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Fliegerstaffel 1 Emblem

Fliegerstaffel 1 emblem on F-5E Tiger II with the number J-3088; On the aircraft is only the bird Rokh, without red background.

The Fliegerstaffel 1 fighter squadron 1 of the Swiss Air Force was equipped with Northrop F-5 and professional military pilots, which belonged to the Überwachungsgeschwader. Their home base at the dissolution was the military airfield Turtmann. The Fliegerstaffel 1 carried as coat of arms the side view of a stylized Vogel Rokh (Bird Rokh from the mythologie) on shield-shaped red ground with the white number 1 in the background.

History[edit | edit source]

Early years[edit | edit source]

A first precursor was set up in 1913 as a pioneer company 1. At that time, the Kriegstechnische Abteilung (KTA) rented some machines from private ownership for experimental and evaluation purposes, e.g. A Blériot XI owned by Oskar Bider. On the outbreak of the First World War, the aircraft groups, now designated as Military Aircraft Division 1, did not have a single aircraft of their own. Imports from abroad were no longer possible because of the war. The first commander of the aircraft groups, Hptm (Captain) Theodor Real, had to requisition aircraft from private ownership. The first real combat aircraft was a German aircraft who made an emercency landing 1916 in Bettlach, an interned Fokker D.II. In 1917, five Nieuport 23 aircraft, built in France, were bought and remained operational until 1921. From 1920 a total of 27 used Fokker D.VII were bought, which together with the Häfeli DH-5, developed and built in Switzerland, formed the stock for the first two aircraft squadrons.

Development from 1924[edit | edit source]

In 1924, the Fliegerkompanie 1 was set up and started with the Häfeli DH-5 and Fokker D-VII to operate from the airfields of Lucerne, Payerne, Seedorf and La Chaux-de-Fonds. In 1933, the Fokker CV was added to it, and the C-3603 in 1942. The renaming into Fliegerstaffel 1 took place 1945, however already 1946, with the move to Payerne changed the name into the French designation Escadrille 1 and the aircraft type Morane D-3800 came into use. From 1951 to 1959 the Escadrille 1 used it's the first jet aircraft, the De Havilland D.H. 100 Vampire, at the Payerne Air Base.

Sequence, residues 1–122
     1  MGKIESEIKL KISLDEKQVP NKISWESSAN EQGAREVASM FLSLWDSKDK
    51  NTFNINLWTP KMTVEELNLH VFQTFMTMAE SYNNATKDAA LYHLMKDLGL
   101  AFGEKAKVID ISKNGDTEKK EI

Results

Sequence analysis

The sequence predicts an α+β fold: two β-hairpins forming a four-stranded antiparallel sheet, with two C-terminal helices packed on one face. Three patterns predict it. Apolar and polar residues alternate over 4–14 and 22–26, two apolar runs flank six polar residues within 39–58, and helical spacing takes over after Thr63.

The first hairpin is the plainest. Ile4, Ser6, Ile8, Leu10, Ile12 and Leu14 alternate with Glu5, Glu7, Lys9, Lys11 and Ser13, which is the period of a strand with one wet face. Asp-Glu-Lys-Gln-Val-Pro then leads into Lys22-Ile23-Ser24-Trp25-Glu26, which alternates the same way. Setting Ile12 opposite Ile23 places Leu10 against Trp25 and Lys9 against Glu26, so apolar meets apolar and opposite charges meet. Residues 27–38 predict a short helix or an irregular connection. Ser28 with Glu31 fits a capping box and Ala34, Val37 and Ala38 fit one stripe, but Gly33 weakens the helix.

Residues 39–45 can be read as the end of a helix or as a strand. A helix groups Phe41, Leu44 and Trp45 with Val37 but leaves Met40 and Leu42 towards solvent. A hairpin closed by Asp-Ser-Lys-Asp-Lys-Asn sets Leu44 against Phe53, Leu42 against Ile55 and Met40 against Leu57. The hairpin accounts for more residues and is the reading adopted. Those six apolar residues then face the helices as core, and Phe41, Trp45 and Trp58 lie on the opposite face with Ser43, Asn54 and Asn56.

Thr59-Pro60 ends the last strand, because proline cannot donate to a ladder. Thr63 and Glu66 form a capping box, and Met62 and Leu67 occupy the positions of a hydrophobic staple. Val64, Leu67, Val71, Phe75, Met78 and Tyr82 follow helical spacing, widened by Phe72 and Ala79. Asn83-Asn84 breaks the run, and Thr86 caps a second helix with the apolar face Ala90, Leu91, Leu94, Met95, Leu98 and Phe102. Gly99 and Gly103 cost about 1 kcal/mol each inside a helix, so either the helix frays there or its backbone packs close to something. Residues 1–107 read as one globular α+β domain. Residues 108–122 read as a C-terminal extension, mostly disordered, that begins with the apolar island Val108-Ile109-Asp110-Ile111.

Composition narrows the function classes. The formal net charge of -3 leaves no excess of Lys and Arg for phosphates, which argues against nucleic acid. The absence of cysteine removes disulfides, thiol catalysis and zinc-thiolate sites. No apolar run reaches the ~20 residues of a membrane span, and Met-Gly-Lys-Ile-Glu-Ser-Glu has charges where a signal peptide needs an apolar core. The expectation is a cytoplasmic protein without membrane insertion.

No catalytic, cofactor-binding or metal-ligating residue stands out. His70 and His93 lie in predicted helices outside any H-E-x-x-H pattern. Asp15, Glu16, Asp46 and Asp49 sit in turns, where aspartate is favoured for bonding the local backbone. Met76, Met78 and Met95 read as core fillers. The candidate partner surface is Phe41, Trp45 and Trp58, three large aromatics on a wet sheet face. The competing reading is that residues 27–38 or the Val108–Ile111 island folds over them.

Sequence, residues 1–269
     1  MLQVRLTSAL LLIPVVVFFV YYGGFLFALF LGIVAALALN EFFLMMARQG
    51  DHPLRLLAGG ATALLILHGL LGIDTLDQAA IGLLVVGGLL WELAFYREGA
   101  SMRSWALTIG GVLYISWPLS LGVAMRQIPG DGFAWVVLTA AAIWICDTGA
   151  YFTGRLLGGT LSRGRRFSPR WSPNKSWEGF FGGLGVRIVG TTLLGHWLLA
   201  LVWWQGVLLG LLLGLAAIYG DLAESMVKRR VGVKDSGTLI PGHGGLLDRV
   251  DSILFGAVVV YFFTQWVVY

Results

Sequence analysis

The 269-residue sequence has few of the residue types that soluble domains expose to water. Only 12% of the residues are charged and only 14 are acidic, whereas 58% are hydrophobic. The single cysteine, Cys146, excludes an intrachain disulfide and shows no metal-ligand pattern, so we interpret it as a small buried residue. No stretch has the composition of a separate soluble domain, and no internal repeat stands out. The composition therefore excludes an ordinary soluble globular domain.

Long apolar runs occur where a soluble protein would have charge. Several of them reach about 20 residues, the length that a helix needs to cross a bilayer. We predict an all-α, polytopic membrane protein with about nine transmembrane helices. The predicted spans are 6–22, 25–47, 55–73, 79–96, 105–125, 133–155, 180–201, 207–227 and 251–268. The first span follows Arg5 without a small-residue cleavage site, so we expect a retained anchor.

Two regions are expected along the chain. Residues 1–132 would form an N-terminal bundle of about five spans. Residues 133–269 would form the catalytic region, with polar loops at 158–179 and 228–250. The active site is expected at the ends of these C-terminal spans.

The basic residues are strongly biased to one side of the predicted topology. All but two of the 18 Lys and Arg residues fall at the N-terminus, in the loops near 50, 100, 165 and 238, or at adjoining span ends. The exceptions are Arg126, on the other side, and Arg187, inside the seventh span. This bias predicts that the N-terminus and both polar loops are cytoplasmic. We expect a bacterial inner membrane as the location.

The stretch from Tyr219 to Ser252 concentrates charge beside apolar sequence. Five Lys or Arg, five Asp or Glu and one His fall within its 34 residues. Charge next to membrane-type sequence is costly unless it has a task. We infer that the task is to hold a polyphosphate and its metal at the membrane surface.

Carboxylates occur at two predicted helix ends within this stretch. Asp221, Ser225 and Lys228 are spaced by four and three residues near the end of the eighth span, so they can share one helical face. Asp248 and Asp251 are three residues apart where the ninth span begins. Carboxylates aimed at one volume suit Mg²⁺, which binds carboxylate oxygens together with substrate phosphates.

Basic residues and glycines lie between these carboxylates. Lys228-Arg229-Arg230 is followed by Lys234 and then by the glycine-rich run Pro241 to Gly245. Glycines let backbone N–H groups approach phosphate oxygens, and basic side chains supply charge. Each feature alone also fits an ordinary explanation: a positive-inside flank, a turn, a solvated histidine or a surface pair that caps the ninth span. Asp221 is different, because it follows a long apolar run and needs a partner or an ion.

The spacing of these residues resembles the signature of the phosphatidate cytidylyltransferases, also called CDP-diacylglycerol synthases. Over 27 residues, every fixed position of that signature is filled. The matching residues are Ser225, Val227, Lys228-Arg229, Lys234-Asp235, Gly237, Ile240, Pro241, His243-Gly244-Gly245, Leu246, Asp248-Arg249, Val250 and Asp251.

In 1955, the return to Dübendorf and the change of name back to Fliegerstaffel 1 took place. Between the main entrance of the Dübendorf Air Base and the bus stop in the direction of Wangen stands a monument with the easiest emblem of Fliegerstaffel 1, Vogel Rokh.

In 1959, the Hawker Hunter was re-trained on the war time airbase. The Fliegerstaffel 1 was chosen to show the Hawker Hunter in the formation flight to the public. Until 1964, the display team of the Fliegerstaffel 1 showed more and more demonstrations. The team consisted of Hptm Brunold, Oblt Pellanda, Lt Spychiger and Adj Brülhart. The aerobatics team of the Fliegerstaffel 1 was renamed Patrouille Suisse in 1964 on the occasion of the Expo 64. However, the Fliegerstaffel 1 itself existed with its military taskstogether wit a part of it as Patrouille Suisse. In 1981, the Fliegerstaffel 1 get equipped with the Tiger F-5 and moved to the military airfield Turtmann, where the aircraft was operated from the aircraft cavern (but the Patrouille Suisse still used the Hawker Hunter). 2003 was the last WK in Turtmann. On completion of the WK in 2003 the military airfield Turtmann was shut down and the runways, shelters and taxiways were later rebuilt, the cavern served to store old M113 armored personnel carrier. The Fliegerstaffel 1 was after this disbanded. However, until the end of 2015, the "Fliegerstaffel 1" remained "existing" in the form of the member Daniel "Dani" Hösli. This is because he was the commander of the Patrouille Suisse until the end of 2015, and he always was a part of the Fliegerstaffel 1 and did not changed to an other Sqadron after the disbanding of the Fliegerstaffel 1.

Aircraft[edit | edit source]

References[edit | edit source]

  • Hermann Keist FlSt1
  • Roman Schürmann: Helvetische Jäger. Rotpunktverlag, Zürich 2009, ISBN 978-3-85869-406-5, S. 39 ff.

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